Have you ever noticed that when liberals offer two arguments for a liberal idea, the two often completely contradict each other?
Example 1: All jobs should have just as many women as men. If they don’t — if statistics show that more construction workers or police officers or professional boxers or whatever are men — the only possible explanation is sexist discrimination. And then they almost always say, “There is no difference between men and women. And besides, women offer a unique perspective.” Right? I’ve heard pretty much those exact words a thousand times.
Except that if women have a “unique perspective”, then they are not exactly the same as men. To have a different perspective, they must be … different. And once you concede that women are different from men, in ways that you are clearly implying are relevant to this job, it follows that there might be jobs that women tend to do better than men, and jobs that men tend to better than women.
Example 2: Capital punishment is cruel and barbaric. Besides, conservatives should be satisfied with sentencing murderers to life in prison, because life in prison is harsher than execution. Instead of a quick end, you keep the criminal locked up and subject to continual punishment for decades.
Except that if you believe capital punishment is evil because it is too cruel, how can you then say you are in favor of an alternative that you tell me is more cruel? Either you’re lying, and you don’t really believe that life in prison is harsher than execution, or you are irrational and incoherent.
Example 3: You can’t mix religion and politics. If you have religious beliefs against abortion or homosexuality or whatever, that’s fine, you can talk about that in your church on Sunday, but don’t try to pass laws based on your religious beliefs. Besides, if you were a real Christian, you’d support government programs to help the poor and protect the environment, because Jesus said to help the poor and that the Earth was created by God and we should respect it.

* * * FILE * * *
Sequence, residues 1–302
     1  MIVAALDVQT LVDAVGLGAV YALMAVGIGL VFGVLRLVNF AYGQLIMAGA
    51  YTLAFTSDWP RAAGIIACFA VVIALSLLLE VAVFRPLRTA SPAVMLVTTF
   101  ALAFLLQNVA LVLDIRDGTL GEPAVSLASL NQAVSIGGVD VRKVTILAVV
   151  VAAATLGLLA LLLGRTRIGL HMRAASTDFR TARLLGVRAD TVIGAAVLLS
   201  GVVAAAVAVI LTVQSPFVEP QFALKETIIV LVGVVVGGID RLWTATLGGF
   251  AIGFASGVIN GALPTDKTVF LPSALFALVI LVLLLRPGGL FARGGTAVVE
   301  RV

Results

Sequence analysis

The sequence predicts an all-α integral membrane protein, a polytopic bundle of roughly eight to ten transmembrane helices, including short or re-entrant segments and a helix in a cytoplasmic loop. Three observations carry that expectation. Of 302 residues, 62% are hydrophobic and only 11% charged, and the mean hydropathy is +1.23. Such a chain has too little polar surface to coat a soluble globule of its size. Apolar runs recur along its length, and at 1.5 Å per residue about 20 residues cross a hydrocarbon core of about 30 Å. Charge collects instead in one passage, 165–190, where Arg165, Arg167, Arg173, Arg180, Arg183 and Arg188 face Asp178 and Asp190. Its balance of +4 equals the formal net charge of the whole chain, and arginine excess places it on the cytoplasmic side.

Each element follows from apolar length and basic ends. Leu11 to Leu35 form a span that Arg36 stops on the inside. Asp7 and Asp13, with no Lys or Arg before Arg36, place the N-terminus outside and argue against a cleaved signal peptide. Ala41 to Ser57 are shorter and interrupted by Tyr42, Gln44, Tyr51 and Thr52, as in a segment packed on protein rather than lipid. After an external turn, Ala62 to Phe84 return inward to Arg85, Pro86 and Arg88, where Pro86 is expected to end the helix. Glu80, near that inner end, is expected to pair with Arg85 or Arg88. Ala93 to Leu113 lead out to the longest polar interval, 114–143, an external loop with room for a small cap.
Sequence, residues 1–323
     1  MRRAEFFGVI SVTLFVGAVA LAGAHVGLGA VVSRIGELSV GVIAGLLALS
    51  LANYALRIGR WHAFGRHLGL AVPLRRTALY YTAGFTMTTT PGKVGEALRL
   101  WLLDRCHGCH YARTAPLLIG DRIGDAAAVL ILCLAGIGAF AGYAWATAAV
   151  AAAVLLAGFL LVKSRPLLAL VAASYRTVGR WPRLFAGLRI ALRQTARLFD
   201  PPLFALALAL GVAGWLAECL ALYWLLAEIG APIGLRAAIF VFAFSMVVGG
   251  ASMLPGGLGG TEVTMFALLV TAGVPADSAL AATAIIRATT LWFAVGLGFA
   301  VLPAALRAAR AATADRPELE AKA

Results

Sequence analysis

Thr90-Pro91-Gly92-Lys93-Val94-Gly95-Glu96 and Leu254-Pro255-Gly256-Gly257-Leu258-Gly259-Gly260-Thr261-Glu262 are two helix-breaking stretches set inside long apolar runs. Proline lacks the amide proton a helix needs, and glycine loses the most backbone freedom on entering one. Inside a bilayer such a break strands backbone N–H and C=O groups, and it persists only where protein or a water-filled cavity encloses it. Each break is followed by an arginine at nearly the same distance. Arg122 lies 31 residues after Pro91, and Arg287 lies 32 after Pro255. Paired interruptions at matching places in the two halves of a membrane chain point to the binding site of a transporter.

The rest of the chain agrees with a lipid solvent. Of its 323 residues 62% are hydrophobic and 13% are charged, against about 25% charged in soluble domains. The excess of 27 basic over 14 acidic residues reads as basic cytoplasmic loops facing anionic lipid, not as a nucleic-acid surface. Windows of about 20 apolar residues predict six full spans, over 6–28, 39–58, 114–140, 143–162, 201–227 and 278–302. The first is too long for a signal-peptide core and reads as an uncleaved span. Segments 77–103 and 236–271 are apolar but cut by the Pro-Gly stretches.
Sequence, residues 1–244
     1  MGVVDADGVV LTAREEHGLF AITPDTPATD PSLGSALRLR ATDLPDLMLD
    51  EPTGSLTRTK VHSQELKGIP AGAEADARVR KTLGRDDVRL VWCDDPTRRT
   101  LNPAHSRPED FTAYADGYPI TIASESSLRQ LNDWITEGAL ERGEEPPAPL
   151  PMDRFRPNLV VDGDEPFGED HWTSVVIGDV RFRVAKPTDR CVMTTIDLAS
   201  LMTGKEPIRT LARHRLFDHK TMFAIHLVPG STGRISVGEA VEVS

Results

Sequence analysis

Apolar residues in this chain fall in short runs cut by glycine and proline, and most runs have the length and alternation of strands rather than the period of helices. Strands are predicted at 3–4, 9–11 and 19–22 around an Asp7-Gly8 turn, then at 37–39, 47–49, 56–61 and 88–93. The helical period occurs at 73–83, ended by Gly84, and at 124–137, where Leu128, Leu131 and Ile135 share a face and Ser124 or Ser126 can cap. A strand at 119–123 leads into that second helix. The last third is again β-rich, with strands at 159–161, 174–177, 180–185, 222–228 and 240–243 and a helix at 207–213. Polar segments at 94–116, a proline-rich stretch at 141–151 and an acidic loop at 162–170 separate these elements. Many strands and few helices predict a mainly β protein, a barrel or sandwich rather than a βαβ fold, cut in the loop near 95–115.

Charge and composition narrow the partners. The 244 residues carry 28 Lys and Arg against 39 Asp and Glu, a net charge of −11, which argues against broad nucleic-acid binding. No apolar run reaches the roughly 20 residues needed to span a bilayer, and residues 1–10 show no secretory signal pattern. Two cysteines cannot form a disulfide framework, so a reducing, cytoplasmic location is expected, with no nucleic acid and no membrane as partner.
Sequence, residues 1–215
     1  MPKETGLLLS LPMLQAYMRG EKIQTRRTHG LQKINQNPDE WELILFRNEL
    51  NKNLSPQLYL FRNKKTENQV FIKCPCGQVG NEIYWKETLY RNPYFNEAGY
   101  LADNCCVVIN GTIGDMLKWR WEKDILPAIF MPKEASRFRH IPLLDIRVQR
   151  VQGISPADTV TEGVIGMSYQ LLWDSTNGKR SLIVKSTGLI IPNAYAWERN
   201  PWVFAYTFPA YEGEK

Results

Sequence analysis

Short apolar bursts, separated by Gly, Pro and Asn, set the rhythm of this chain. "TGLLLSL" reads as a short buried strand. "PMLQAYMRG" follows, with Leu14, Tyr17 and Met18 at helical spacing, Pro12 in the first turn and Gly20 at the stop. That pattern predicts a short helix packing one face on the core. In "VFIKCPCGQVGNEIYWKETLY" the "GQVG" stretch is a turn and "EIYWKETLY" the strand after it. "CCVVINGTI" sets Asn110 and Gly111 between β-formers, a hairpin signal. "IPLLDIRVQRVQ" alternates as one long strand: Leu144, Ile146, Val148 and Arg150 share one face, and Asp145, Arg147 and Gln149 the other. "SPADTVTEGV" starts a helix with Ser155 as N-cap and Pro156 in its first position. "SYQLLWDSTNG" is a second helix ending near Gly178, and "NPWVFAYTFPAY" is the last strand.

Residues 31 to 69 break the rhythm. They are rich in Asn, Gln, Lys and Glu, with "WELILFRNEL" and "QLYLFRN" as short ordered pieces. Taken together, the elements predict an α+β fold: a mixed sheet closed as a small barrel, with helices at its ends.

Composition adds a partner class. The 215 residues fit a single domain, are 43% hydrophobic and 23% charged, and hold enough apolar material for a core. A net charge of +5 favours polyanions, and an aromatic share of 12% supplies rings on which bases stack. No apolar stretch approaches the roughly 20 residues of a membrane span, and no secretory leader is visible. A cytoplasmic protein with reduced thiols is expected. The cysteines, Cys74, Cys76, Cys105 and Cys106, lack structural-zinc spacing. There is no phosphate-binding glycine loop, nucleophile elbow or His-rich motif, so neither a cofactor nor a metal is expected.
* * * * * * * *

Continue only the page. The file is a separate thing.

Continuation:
Except that if it’s wrong to pass laws against abortion and homosexuality based on personal religious beliefs, than why is it not wrong to pass laws about aid to the poor and protecting the environment based on religious belief? If you believe that we should protect the environment, that’s fine, you can talk about that in your church on Sunday, but don’t try to pass laws based on your religious beliefs. Indeed, I was about to say that I was in favor of anti-poverty and pro-environment laws, until you convinced me that that would be an improper mixing of church and state. Now I have to oppose on principle. 🙂
Et cetera. One could go on and on with these. I encourage you to watch for them!
Side note: Perhaps I should clarify that this is not the same as an argument that goes, “That’s not true, but even if it was true …” Yes, the premises in such a case contradict, but the person who says this isn’t saying that either case proves his point, but that the claim is irrelevant or insufficient. To take a deliberately silly example, suppose someone said, “We should hire Sally Jones because she is so pretty.” You might well reply, “I don’t think she’s all that pretty. And even if she was, that’s not a good reason to hire her for a job as an accountant.” You aren’t arguing that being ugly makes her qualified for the job and being pretty also qualifies her for the job, but that either one is irrelevant. Or maybe that while you’d like to have a pretty girl around, that alone isn’t sufficient to make her qualified. She has to be pretty and be able to do the job.Tags: Critical thinking Liberalism Politics